Back in 2005-2006, Animal Orchestra was run by brothers John and Marcello (ex-The European, if memory serves), who were always super-lovely to me and would let me sit in a decoupage-decorated corner for hour after hour with a never-ending caffe latte as I worked through my class reading.

Animal Orchestra

I took work colleague and fellow Masters student J there on Wednesday. As we walked up, I was rabbiting on about how much I loved their toasted panino #5 - the one with Viet pork, lettuce, carrot and hoi sin - only to find upon arrival that it was no longer on the menu! :_(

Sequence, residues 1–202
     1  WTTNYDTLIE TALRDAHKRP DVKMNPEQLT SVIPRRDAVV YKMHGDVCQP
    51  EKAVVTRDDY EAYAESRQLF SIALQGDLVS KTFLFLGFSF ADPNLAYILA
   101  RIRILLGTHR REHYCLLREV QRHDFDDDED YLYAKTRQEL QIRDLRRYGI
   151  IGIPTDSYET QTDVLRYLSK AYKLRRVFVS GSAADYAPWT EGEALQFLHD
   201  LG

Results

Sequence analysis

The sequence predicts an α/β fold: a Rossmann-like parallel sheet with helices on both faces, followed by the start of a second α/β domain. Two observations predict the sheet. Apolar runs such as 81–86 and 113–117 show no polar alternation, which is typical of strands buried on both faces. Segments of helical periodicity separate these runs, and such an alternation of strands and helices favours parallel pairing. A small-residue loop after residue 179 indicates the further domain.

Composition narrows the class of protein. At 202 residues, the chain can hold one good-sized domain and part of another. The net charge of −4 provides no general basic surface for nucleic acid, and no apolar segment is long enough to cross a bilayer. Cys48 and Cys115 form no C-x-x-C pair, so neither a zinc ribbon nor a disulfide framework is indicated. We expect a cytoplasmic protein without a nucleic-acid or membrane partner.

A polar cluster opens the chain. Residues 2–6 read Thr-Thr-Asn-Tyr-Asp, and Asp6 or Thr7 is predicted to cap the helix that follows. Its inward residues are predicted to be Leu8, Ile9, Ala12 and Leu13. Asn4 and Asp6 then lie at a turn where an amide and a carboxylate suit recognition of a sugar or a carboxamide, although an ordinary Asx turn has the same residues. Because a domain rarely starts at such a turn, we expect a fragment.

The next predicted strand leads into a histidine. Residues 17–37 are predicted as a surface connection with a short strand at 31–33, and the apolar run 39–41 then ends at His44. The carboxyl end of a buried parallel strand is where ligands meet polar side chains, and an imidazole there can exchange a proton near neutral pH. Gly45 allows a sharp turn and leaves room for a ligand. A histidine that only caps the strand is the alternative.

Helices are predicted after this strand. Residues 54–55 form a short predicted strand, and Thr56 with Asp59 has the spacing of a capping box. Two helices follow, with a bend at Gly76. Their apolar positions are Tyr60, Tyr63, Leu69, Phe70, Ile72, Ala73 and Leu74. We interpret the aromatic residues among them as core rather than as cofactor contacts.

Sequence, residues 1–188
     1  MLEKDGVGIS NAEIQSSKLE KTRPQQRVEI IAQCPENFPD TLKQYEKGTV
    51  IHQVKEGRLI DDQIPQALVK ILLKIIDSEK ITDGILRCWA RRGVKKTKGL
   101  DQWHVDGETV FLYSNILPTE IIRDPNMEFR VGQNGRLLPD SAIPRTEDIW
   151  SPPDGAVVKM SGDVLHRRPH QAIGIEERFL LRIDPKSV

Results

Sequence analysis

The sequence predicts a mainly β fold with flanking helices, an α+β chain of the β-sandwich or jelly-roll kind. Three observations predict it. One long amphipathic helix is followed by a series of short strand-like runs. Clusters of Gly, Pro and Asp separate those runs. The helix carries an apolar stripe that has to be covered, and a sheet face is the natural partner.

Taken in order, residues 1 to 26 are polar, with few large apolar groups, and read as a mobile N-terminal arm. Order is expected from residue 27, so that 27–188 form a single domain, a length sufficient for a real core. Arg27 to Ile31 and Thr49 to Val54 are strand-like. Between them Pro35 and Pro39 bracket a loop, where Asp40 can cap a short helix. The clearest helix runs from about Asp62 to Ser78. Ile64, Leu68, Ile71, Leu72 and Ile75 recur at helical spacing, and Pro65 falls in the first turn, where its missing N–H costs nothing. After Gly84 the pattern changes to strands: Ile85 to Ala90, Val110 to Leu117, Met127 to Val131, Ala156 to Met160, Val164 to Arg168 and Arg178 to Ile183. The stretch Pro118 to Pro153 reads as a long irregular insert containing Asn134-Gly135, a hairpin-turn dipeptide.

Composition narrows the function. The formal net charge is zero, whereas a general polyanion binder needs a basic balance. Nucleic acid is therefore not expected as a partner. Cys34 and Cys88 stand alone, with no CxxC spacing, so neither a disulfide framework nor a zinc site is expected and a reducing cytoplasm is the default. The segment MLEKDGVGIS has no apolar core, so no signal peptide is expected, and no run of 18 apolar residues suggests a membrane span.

Roast beef foccacciaChicken foccaccia

Instead I got the new #6: roast beef, fontina, caramelised onion, Dijon mayo and lettuce. J went with the #1: chicken, bacon, tasty cheese, pesto and thyme mayo. They were $8.80 each and both were delish.

Animal Orchestra is pretty great at all hours of the day - long before I'd even heard of Birdman Eating I was coming to Animal Orchestra to get baked eggs in individual little pans with interesting combinations like leek & shanklish, sardines & fetta, or goat's cheese & caramelised witlof. In addition to lunchtime panini there are always a two soups of the day and at night you can get a few modest tapas with wines or boutique beers. Definitely worth a look!

Animal Orchestra

Saturday, 11 October 2008

Jeremy Oliver's Wine Annual book launch at Church St Enoteca

Church St Enoteca
527 Church Street, Richmond (map)
9428 7898